sleeping peacefully as I wait for that special day.
The only place I want to go is where I can meet with the man who died for me.
So that I can shake his hand and say thank you for giving his life.
After that, I don’t mind if I sit on the back row, looking on in wonder and with deep satisfaction, as many are welcomed into his extravagant wedding reception.
Even from the outside, I will sing along, from my heart, with whatever celebration songs are led, in whatever style, and whatever language. If I don’t know the words, I’ll try to hum along, with my hand on my heart and a tear in my eye.
And if there is a job I can do, like trimming the edges, or picking up waste, I will do it gladly. And if not, I’ll stay where I’m told to stay and wait for the next job.

Sunday, May 7, 2017

Acts 2:42-47

They devoted themselves to the apostles' teaching and fellowship, to the breaking of bread and the prayers. Awe came upon everyone, because many wonders and signs were being done by the apostles. All who believed were together and had all things in common; they would sell their possessions and goods and distribute the proceeds to all, as any had need.Day by day, as they spent much time together in the temple, they broke bread at home and ate their food with glad and generous hearts, praising God and having the goodwill of all the people. And day by day the Lord added to their number those who were being saved.

A wise man once taught me; "this passage in Acts is descriptive, not prescriptive". In other words it is simply describing how the early church behaved. It does not necessarily imply that this is exactly how Christians, everywhere, at all times, should run church. Yes there have been many movements that have tried, with varying success, to reproduce the dynamics described above. I am not criticizing attempts at copying this described community. It is certainly a beautiful and blessed early church community.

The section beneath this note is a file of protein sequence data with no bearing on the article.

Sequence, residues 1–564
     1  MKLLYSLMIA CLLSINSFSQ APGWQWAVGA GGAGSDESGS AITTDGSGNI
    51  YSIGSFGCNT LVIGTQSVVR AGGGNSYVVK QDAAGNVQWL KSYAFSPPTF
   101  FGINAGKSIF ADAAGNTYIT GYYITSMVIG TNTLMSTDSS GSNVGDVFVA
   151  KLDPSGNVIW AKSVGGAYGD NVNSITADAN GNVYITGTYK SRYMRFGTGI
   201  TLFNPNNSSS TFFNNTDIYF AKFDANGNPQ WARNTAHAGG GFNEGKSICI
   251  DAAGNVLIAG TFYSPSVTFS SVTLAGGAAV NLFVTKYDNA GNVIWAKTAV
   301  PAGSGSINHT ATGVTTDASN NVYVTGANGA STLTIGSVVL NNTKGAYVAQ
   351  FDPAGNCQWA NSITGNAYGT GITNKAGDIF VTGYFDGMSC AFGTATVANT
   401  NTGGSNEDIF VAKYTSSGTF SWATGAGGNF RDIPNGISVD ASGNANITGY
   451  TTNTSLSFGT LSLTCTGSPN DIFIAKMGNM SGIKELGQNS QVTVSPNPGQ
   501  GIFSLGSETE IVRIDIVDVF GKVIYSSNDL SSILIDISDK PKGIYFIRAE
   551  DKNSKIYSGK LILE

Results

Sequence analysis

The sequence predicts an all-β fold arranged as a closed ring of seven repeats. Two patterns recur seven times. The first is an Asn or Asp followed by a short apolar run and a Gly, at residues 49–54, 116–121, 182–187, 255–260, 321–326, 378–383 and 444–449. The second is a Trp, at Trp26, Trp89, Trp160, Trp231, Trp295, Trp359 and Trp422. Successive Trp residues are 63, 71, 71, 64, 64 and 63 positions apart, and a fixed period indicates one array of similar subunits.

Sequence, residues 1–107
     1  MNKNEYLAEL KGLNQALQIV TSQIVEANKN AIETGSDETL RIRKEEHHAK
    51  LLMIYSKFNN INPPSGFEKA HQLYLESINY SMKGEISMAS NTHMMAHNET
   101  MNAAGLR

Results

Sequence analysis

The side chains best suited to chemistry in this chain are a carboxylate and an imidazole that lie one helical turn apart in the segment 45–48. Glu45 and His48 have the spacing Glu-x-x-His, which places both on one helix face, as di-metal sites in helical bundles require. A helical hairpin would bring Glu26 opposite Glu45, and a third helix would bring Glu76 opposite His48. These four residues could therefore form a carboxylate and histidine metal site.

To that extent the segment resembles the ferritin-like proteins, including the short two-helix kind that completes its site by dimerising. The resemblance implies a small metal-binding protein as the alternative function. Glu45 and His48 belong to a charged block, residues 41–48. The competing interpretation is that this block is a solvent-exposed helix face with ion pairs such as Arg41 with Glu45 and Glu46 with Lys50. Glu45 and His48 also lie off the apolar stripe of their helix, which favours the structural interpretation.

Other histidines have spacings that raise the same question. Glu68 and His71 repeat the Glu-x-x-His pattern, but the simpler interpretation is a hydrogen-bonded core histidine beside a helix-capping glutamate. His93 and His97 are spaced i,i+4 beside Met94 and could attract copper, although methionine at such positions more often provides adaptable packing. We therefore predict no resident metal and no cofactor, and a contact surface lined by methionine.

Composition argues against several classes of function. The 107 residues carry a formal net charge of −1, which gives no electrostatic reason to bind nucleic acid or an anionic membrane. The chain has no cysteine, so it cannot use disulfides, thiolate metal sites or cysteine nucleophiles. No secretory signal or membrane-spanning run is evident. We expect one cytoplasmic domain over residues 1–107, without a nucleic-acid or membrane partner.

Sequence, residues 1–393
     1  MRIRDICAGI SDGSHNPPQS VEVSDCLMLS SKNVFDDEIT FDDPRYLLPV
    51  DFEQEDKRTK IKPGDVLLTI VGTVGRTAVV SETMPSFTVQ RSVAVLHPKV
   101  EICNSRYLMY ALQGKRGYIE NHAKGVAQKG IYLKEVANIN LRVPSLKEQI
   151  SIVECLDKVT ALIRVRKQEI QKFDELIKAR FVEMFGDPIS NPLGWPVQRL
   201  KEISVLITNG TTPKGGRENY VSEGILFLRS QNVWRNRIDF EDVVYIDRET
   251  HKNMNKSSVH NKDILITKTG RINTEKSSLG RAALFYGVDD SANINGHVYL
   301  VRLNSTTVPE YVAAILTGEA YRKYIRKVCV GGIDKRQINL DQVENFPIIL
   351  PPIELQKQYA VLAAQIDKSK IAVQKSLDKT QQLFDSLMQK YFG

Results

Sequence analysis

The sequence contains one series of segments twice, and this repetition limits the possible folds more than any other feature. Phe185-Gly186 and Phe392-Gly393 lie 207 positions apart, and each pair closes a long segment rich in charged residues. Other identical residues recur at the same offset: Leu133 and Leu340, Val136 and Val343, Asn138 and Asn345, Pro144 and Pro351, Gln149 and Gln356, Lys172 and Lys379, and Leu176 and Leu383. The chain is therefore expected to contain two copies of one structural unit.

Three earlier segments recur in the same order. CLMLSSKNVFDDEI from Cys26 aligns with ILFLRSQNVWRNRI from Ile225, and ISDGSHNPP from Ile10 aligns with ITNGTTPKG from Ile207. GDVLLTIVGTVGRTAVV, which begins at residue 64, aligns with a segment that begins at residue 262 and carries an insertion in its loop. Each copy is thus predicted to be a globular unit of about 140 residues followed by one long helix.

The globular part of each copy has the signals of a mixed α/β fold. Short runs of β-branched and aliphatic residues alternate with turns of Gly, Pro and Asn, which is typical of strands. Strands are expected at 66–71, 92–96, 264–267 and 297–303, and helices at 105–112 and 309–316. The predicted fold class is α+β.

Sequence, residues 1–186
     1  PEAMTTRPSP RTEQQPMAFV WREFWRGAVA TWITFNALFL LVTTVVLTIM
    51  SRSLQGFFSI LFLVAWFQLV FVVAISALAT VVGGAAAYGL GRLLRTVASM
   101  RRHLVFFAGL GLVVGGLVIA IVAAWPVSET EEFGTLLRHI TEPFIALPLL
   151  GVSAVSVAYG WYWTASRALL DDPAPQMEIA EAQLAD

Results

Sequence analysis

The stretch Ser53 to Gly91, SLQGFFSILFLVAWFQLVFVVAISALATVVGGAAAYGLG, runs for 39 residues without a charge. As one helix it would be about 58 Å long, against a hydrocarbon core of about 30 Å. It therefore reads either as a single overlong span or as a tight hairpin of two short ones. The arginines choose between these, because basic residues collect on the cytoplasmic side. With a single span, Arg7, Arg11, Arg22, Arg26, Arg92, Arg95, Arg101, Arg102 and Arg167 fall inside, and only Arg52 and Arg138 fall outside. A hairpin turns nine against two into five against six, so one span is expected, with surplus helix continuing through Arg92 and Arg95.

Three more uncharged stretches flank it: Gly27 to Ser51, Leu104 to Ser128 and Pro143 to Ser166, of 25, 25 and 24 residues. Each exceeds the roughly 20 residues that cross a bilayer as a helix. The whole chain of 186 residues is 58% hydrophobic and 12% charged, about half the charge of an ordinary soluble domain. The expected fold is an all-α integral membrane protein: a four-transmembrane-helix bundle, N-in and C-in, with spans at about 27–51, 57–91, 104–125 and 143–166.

Are modern church gatherings less beautiful, less loving, less sharing, less devoted?
How long did this early pattern of church behaviour last? Why did it change? Is this the “secret” to “successful” church growth?
What motivates us and why, regarding church growth?

I am not going to answer all these questions.

I will point out that although this passage of Acts is truly a wonderful picture of Christians living out their faith, even within the pages of the New Testament, which was fully written within the lifetimes of those early Christians, their are many, many passages of exhortation and correction. The one that comes quickest to mind is Paul's chastisement of the Corinthian church for the way in which they shared the Lords Supper. (1Corinthians 11)
And even in the very next chapter of Acts, a husband and wife, members of the early church, die prematurely under God’s judgement when they half-give money they received from selling goods, somehow attempting to deceive the Holy Spirit. A shocking event for those of us that are honest about our own misguided/divided motives.
So the early church also struggled.

But I don’t want to concentrate on the negatives.

Looking at the passage above, certain words stand out.

“They devoted themselves”

Over the years, I have missed the beauty of this word, “devotion”.

Why is it that we can make such a word sound like hard work?

My answer is that today, our attitude of working hard at, for example, a menial task, for years on end, with a view to a goal or reward at the end, is our interpretation of devotion.
Think of the many hours of training of an athlete, or hours of voice or instrument practice for a performer, or simply those hard workers that turn up day by day at their jobs which involve physical or mental strain, slowly saving money or paying off a mortgage. This is a form of devotion. An application to a means for an end.